Living in Switzerland

UK/EU citizens do not require a visa to study in Switzerland. You can work for up to 15 hours per week in Switzerland if you have an EU/EEA passport and have registered with your local authorities.

Cost of Living

In most areas of Switzerland, the cost of living is cheaper than London, although some items, such as food, are on average more expensive than elsewhere in Europe. However, that hardly makes Switzerland a cheap destination. The Swiss government estimates monthly expenses for students to be somewhere between 1,500 CHF and 2,500 CHF (£1,000-£1,700).

Living expenses depend very much on the individual student. These figures should therefore be regarded as a guideline only:

Rent incl. heating 690 CHF
Additional expenses (telephone, internet, Billag [TV and radio license fees]) 140 CHF
Meals 450 CHF
Health insurance, insurance 100 CHF
Travel 95 CHF
Clothing, laundry, personal items 100 CHF
Leisure, spending money 150 CHF
Study materials 120 CHF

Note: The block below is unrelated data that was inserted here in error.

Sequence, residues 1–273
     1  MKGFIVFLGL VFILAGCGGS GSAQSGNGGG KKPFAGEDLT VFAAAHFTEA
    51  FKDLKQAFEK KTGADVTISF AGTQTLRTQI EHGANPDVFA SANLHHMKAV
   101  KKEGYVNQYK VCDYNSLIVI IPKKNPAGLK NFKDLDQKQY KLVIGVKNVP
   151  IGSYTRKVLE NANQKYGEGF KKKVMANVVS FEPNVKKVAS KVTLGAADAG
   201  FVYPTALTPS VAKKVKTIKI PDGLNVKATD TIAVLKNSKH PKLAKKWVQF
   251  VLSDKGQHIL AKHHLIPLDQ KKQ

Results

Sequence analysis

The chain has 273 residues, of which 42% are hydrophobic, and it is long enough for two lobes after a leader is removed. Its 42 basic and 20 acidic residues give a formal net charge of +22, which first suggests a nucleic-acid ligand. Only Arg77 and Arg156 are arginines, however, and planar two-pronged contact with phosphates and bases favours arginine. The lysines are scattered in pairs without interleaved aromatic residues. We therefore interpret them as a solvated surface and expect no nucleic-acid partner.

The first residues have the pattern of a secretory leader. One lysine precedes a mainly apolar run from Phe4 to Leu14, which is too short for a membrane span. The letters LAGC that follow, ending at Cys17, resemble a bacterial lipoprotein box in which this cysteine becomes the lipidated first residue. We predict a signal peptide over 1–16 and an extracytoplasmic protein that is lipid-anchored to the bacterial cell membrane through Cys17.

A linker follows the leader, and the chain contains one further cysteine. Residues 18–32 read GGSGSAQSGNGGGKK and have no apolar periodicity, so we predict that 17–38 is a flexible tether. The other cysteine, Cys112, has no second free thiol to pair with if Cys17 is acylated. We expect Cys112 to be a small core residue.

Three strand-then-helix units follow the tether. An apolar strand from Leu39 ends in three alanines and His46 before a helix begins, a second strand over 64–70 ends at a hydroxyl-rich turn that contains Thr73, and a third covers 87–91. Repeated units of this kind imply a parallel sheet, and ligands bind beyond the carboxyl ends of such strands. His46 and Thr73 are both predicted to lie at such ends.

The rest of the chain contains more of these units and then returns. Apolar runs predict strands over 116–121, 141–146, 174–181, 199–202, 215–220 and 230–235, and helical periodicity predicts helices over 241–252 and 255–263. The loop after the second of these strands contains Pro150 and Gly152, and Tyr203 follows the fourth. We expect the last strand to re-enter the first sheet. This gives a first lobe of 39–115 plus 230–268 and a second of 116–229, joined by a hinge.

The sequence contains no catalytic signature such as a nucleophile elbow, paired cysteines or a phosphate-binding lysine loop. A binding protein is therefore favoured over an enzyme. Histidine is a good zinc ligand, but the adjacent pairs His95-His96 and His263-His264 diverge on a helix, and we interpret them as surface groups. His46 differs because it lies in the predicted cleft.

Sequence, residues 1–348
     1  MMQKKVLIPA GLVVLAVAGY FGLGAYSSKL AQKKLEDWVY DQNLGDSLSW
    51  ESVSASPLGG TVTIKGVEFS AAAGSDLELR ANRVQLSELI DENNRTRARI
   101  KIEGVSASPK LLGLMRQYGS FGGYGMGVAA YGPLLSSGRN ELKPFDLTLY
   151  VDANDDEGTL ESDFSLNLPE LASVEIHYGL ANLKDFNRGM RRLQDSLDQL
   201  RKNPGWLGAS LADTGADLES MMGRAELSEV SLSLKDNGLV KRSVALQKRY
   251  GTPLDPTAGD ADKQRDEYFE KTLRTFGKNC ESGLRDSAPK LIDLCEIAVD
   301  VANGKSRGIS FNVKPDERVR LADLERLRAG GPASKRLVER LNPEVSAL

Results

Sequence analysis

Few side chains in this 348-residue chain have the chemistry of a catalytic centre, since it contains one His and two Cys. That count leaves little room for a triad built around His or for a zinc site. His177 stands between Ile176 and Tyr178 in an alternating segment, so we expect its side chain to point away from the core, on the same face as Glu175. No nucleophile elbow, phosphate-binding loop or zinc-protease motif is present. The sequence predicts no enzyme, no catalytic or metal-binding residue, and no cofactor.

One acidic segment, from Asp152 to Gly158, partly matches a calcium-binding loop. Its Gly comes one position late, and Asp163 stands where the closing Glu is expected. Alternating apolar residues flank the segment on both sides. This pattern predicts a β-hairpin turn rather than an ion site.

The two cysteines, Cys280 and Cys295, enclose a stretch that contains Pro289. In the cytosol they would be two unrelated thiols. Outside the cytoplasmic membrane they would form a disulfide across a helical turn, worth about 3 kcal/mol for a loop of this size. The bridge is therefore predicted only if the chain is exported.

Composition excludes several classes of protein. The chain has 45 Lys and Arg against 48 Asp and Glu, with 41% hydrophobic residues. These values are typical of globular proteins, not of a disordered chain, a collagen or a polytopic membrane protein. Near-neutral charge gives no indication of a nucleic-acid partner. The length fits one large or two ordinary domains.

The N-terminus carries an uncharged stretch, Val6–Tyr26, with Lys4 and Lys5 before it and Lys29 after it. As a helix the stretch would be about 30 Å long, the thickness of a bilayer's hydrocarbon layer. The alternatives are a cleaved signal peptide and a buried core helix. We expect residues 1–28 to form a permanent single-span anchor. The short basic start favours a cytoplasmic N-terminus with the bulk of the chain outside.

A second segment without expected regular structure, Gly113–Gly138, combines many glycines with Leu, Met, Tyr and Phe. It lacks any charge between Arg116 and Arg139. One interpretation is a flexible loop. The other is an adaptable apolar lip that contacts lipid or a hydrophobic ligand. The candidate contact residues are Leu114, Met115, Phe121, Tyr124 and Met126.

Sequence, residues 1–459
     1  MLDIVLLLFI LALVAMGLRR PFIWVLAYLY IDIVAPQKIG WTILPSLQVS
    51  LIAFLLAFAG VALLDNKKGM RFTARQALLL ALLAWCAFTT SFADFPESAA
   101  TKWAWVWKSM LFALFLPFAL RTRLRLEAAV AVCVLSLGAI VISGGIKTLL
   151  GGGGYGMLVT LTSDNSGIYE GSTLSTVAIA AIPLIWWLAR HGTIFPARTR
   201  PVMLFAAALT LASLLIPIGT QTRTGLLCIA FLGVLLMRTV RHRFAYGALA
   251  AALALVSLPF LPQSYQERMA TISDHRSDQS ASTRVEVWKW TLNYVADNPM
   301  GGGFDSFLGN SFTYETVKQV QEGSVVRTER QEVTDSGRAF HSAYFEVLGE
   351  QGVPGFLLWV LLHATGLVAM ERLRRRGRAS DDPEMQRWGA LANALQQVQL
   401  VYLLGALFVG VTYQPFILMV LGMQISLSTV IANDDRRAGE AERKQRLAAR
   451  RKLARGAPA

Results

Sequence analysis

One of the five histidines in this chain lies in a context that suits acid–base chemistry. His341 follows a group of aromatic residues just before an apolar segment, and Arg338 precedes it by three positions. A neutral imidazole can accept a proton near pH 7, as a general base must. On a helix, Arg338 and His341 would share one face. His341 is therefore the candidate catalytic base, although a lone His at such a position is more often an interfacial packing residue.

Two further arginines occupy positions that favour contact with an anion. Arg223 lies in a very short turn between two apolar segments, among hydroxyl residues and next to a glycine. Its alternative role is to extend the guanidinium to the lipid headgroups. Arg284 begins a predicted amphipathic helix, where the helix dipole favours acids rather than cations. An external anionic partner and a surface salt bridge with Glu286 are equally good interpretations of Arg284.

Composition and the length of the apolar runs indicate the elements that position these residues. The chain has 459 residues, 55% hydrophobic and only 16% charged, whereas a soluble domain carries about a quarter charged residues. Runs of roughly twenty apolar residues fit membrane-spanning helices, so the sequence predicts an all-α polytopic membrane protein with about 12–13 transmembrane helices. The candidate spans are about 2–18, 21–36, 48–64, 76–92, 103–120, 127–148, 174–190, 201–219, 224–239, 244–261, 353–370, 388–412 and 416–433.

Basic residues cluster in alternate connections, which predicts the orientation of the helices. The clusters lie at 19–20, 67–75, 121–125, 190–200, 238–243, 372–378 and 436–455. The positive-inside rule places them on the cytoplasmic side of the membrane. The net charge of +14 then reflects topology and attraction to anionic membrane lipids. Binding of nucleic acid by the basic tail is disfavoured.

Total 2,000 CHF (£1390)

(Source: Student financial aid office:

On Arrival

You need to register with the local authorities (Einwohnerkontrolle, Residents' Registration Office) within 14 days of entering Switzerland.

The following documents are required:

  • Personal application for residence permit
  • Valid passport or identity card
  • Proof of registration at the university
  • Evidence of sufficient funds (bank certificate or certified document)
  • proof of address at place of residence
  • 2 passport-size photographs


It is unusual for Swiss universities to be able to provide you with their own housing. In Zurich, for example, none of the universities has their own accommodation for students.

The Housing Office of University / ETH Zurich issues an overview of useful addresses, if you’re looking for reasonably priced accommodation as well as accommodation at short notice.

Many universities also warn that scammers operate in the rental market so pay careful attention when negotiating with rental agents. This is a problem in many countries but it is not often that universities feel the need to mention it on their own pages.


Switzerland has a compulsory health insurance system that guarantees access to a range of quality medical care services and appropriate medical treatment to all people living in Switzerland. Every person living in Switzerland for more than three months, including international students, must have basic health insurance coverage.

Students from an EU state who are legally insured in their home country can apply for exemption from this obligation by using the European Health Insurance Card (EHIC for up to one year for British nationals) or a provisional certificate issued by the health insurance company in your home country.